Several Upsets As European Championship Takes Off In Jerusalem

Several Upsets As European Championship Takes Off In Jerusalem

| 11 | Chess Event Coverage

The first round of the European Championship, held in Jerusalem, saw several upsets. The biggest was Israeli Champion GM Viktor Mikhalevski losing to Itay Westreich, rated 1929!

The 2015 European Championship takes place February 24-March 8 in Jerusalem, Israel. It's a big, 11-round Swiss with 248 participants, including more than 100 GMs.

The tournament is covered live every day on with video commentary by GM Alon Greenfeld and GM Ronen Har-Zvi.

The opening ceremony on Monday night lasted rather long, but it has to be said: it probably the most entertaining ceremony this reporter has ever attended. The reason? It was hosted by the world famous supernatural entertainer and mentalist Lior Suchard.

He played all kinds of tricks on a number of players, such as guessing the name of Daniel Vocaturo's first love when the Italian player was nine years old — Michaela — or guessing which number between 21 and 100 GM Alexander Ipatov was thinking of, and doing all kinds of sudoku-style calculating magic with that number.

Suchard on stage with reigning European Champion GM Alexander Motylev.

The next day at three it was time for the first round. Let's immediately jump to the biggest upset: GM Viktor Mikhalevski (2559) losing to Itay Westreich (1929). A pretty cool game for a 1900-player!

Another member of the Israeli Olympic team, GM Evgeny Postny, lost against the three-time Israeli champion IM Nathan Birnboim (63):

Lots of strong players immediately dropped a half-point in the first round. On the first 28 boards, no less than 16 games were drawn.

On board three, GM Pavel Eljanov was close to losing, but eventually brought home the full point:

Some scary moments for Pavel Eljanov. | Photo Joav Nis.

Something peculiar happened on board six. GM Paco Vallejo played GM Yehuda Gruenfeld, who didn't exactly improve theory by bringing a losing novelty on the board. Vallejo thought for more than an hour (!) on move 18, but missed a textbook Bxh7 sacrifice that would have won the game.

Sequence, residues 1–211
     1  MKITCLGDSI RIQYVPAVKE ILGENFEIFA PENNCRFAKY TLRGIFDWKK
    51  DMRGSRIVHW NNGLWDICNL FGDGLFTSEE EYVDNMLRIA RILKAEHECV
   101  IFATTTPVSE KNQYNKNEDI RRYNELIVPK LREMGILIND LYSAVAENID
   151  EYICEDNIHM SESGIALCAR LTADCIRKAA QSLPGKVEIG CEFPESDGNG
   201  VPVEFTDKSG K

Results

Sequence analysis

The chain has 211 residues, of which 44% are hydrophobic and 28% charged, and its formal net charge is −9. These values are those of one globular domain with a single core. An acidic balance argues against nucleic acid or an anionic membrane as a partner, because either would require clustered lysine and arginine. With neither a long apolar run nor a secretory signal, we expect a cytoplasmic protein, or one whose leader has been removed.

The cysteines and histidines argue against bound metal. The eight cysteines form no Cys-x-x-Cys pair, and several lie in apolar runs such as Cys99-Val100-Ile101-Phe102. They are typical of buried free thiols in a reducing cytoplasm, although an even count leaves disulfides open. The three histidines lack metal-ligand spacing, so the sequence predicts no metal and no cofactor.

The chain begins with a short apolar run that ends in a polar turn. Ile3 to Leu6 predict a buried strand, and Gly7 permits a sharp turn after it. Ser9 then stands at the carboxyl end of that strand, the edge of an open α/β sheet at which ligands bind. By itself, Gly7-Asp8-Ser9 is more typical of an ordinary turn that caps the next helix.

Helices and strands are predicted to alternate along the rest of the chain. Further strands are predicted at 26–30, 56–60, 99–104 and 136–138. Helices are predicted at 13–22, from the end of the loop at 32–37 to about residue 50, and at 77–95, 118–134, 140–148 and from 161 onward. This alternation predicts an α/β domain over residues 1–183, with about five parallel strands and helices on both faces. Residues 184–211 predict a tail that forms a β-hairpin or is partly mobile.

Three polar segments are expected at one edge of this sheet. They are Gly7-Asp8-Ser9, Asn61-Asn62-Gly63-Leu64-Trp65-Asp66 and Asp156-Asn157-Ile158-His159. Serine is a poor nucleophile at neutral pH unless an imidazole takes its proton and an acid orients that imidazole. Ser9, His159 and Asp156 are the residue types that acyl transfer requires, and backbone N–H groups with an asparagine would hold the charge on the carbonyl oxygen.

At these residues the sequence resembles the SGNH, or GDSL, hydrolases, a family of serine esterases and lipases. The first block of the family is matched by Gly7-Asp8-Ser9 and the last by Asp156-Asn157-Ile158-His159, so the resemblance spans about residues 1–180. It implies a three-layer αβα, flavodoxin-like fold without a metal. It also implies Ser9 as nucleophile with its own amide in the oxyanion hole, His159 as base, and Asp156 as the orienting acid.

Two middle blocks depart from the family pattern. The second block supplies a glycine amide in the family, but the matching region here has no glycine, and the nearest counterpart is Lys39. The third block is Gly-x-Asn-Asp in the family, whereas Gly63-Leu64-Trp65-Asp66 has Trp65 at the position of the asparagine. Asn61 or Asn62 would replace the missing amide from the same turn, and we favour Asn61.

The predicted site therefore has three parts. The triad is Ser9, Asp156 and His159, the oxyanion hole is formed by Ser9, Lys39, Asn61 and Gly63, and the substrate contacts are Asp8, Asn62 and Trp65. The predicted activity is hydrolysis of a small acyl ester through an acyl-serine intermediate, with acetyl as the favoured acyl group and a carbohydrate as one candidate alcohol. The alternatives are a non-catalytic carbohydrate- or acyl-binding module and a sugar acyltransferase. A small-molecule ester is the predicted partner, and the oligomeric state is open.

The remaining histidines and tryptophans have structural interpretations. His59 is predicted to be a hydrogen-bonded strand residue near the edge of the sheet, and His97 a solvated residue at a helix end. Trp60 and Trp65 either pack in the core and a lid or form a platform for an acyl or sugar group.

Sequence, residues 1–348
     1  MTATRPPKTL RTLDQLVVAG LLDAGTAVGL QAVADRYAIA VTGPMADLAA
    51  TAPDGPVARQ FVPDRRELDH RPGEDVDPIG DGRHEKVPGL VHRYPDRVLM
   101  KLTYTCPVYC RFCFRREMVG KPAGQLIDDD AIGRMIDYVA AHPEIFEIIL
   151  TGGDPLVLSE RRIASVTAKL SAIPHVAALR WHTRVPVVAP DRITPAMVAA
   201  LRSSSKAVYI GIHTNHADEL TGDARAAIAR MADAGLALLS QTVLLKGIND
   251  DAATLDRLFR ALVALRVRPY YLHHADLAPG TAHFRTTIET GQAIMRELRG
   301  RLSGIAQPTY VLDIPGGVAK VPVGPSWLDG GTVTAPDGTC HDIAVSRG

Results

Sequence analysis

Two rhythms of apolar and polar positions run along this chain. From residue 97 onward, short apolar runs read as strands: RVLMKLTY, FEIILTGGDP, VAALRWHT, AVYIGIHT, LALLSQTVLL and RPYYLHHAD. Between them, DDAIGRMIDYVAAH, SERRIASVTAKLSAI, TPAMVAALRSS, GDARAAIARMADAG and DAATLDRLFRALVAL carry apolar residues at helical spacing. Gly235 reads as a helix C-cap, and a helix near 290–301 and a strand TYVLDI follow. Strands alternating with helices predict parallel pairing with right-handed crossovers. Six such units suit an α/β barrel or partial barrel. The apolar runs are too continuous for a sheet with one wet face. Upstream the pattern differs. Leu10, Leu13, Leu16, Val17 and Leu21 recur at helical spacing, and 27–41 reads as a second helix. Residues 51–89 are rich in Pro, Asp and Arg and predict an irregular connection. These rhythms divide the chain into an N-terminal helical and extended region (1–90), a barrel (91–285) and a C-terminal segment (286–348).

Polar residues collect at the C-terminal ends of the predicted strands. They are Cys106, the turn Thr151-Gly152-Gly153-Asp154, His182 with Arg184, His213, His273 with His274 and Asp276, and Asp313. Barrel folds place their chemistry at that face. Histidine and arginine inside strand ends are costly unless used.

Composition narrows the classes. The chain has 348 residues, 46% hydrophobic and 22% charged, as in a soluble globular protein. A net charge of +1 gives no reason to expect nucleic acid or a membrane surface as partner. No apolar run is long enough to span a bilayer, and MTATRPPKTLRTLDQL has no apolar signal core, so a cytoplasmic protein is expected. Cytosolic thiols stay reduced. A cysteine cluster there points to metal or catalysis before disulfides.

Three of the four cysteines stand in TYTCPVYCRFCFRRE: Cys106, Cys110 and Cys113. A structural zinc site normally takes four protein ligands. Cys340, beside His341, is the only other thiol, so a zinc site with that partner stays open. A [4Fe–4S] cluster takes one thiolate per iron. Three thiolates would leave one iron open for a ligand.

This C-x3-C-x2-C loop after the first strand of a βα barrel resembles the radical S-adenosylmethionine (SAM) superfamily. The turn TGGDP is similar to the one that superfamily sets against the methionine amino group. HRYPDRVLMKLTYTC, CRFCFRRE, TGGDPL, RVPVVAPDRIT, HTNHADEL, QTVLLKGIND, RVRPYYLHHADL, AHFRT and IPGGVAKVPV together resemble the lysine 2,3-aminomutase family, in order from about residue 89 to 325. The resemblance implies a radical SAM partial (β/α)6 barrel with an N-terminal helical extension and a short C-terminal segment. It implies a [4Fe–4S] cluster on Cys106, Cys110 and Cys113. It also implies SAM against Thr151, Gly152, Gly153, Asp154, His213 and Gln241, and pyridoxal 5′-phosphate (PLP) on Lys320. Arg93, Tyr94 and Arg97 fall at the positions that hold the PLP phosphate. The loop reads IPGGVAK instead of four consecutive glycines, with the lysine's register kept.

The tournament lasts 11 rounds. The top 23 players will qualify for the World Cup, to be held in September in Baku, Azerbaijan.

The time control is the standard FIDE rate of play: 90 minutes for 40 moves plus 30 minutes for the rest of the game, with an increment of 30 seconds per move, starting from move one.

2015 European Championship | Schedule

Day Date Event
Sunday-Monday 22-23 February Arrival of participants
Monday 23 February at 20:00 Opening ceremony
Tuesday 24 February at 10:00 Technical Meeting
Tuesday 24 February at 15:00 1st round
Wednesday 25 February at 15:00 2nd round
Thursday 26 February at 15:00 3rd round
Friday 27 February at 11:00 4th round
Saturday 28 February Rest day – A journey to the Dead Sea
Sunday 1 March at 15:00 5th round
Monday 2 March at 15:00 6th round
Tuesday 3 March at 15:00 7th round
Wednesday 4 March at 15:00 8th round
Thursday 5 March at 15:00 9th round
Friday 6 March at 11:00 10th round
Saturday 7 March Rest day – Guided tour in Jerusalem
Sunday 8 March at 13:00 11th round
Sunday 8 March at 20:30 Closing Ceremony
Monday 9 March Departure

IM Yochanan Afek provideed the following details in his press release: 

248 players from 33 countries take part in the championship. 167 of them are titled players of which 112 are grandmasters. Six grandmasters are rated 2700+ and seven are past European champions including the current champion, the Russian Alexander Motylev.

The largest national group is, as expected, the Israeli one with 101 players led by Israel’s No.2 Maxim Rodshtein. The largest and the strongest guest group is the Russian delegation with 42 players ahead of Ukraine 12, Armenia and Turkey 9 each. 

The tournament is covered live every day on with video commentary
by GM Alon Greenfeld and GM Ronen Har-Zvi. | Photo Joav Nis.

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